BOOTH: There was a big debate within the intelligence community about what to do about the listening device. One segment of the intelligence community said, "Let's leave the bug in place and see if someone tries to service it so we can arrest them on the spot." Others said, "We've gotta rip it out right away so we can analyze it and develop counter measures; maybe the Russians have similar devices in other areas, like US embassies or private businesses inside the United States."
Others said, "Why don't we just have people go into the conference room and have a controlled conversation that would give the Russians conniptions or give them false information?"
What the intelligence community decided to do was monitor the conference room with microphones and video cameras to see if the Russians were "stealing" enough classified information to make an arrest for violations of the espionage laws and, maybe, to better understand why the Russians chose this conference room.
After about 30-35 days, the 24/7 monitoring operation had drained my office's resources. The decision was finally made that it was time to arrest the Russian diplomat, grab his car and take the bug off the wall so the intelligence community could analyze it.
But the day we were supposed to make the arrest, Gusev didn't show up.
Then he didn't show up for the rest of the week.
BOOTH: On Monday morning I was in my office and some people were in a foul mood, thinking Gusev escaped arrest.
I had a couple of other cases I had to talk about with a diplomatic security special agent from my office who was monitoring this on the FBI side. I called him up on a secure, encrypted phone and all of a sudden he interrupts, "Robert, he's off the park."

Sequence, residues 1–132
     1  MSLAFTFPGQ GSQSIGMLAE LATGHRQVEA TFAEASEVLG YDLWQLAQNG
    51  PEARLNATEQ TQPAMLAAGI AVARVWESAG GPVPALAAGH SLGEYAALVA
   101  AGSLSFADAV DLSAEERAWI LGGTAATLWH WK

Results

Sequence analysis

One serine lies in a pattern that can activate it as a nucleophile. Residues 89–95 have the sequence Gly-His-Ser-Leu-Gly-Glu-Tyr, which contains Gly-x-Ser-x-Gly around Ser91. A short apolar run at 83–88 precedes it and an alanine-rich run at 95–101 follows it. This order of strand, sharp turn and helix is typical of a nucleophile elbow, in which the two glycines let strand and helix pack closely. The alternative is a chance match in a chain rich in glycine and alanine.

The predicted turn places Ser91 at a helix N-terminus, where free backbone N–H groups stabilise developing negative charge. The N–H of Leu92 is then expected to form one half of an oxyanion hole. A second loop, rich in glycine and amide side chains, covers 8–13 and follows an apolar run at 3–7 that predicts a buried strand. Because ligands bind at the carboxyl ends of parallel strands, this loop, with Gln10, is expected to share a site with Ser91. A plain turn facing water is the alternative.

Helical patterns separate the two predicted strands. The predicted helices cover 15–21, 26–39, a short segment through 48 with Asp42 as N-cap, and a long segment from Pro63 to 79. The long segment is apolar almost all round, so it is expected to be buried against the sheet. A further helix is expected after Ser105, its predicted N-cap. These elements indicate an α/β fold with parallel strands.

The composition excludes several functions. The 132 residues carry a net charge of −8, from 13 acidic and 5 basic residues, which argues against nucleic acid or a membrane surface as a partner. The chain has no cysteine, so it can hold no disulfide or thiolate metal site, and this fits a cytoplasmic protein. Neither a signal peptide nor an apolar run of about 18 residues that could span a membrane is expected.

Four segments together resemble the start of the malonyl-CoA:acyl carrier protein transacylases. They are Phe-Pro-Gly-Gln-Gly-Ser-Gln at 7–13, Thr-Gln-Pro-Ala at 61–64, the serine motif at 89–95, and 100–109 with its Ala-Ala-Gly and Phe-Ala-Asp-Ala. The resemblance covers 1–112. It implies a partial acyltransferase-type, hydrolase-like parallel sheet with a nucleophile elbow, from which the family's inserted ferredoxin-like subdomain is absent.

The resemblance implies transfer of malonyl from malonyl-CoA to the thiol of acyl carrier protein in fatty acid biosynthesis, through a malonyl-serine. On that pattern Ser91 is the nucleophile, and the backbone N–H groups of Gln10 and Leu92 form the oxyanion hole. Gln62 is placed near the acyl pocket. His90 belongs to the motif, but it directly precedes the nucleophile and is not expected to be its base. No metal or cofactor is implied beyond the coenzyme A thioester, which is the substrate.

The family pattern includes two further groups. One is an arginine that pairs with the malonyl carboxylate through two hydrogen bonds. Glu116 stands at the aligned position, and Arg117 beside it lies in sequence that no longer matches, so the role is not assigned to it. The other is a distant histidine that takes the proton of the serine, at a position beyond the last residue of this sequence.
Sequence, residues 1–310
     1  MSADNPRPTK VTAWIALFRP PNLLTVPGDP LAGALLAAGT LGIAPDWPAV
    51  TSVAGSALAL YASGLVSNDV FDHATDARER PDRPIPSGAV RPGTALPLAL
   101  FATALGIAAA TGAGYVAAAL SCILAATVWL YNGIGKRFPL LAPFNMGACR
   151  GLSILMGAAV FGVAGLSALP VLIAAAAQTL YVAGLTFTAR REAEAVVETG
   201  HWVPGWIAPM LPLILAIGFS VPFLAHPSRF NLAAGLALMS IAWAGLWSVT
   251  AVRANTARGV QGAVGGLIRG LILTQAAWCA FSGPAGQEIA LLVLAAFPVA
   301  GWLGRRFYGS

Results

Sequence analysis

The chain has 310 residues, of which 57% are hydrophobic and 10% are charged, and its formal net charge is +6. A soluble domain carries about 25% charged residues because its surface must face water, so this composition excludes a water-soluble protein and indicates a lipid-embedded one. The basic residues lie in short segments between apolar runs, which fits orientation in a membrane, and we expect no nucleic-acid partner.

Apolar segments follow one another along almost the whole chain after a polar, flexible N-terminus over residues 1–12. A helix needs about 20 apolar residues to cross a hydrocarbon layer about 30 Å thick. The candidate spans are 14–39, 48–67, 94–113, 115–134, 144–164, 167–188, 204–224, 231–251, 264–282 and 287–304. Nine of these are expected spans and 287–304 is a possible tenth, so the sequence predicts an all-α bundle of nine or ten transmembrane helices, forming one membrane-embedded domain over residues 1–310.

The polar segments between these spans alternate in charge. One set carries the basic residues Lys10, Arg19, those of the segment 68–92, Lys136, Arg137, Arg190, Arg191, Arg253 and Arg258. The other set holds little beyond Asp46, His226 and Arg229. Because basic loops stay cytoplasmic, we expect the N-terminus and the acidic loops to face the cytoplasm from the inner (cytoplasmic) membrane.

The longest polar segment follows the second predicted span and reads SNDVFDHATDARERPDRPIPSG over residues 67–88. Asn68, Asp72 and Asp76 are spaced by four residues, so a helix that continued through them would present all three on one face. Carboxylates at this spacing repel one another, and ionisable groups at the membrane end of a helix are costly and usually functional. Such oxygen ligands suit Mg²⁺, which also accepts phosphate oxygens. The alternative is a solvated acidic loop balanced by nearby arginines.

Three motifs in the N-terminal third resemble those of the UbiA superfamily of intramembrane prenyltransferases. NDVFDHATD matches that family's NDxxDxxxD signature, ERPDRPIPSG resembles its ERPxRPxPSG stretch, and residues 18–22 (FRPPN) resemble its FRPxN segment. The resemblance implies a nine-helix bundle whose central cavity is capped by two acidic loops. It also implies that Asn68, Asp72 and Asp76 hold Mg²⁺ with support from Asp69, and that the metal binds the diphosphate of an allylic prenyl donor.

That was a code word that Gusev had left the Russian embassy compound.
He was coming back down to park the car to [activate] the listening device.
That was one of those moments. I thought, "Oh God. We're gonna do it."
It felt great. All this work, the intelligence community is getting everything they wanted. We're going to arrest a Russian diplomat.
I'm sitting in my office window listening to FBI radio reports describing Gusev approaching the State Department in his diplomatic plated Chevy Malibu.
Then, from the sixth floor, I watched Gusev park his Malibu literally right below me in the street right at the entrance of my office. He had no idea it was Diplomatic Security's main office headquarters at the time.
Watching from my window, I'm having a heart attack. I'm going crazy. My poor secretary Teresa Black says, "Robert, you've gotta calm down" as Gusev started putting quarters into the parking meter.
And at that moment I said, "That's it. We've got him. We're gonna make the arrest. We're gonna get the bug. We're gonna get the car."
It was just an incredible moment.
CNN: Do you think something like this could happen again?
BOOTH: For a Russian or another hostile country's diplomat to get inside the State Department now and do the same thing — that's probably not going to happen.
Editor's note: Gusev was detained by FBI agents and eventually ordered to leave the United States. He could not be charged with espionage because he was protected by diplomatic immunity. According to Booth, the bug allowed the Russians to capture a wide variety of information -- much of it classified -- but nothing that gave "the Kremlin a tactical or strategic edge." It was never determined exactly how the listening device had been placed in the room, Booth added.. After the incident, the State Department raised its restrictions on foreign diplomats who were allowed to visit the building. Read CNN's initial coverage from 1999.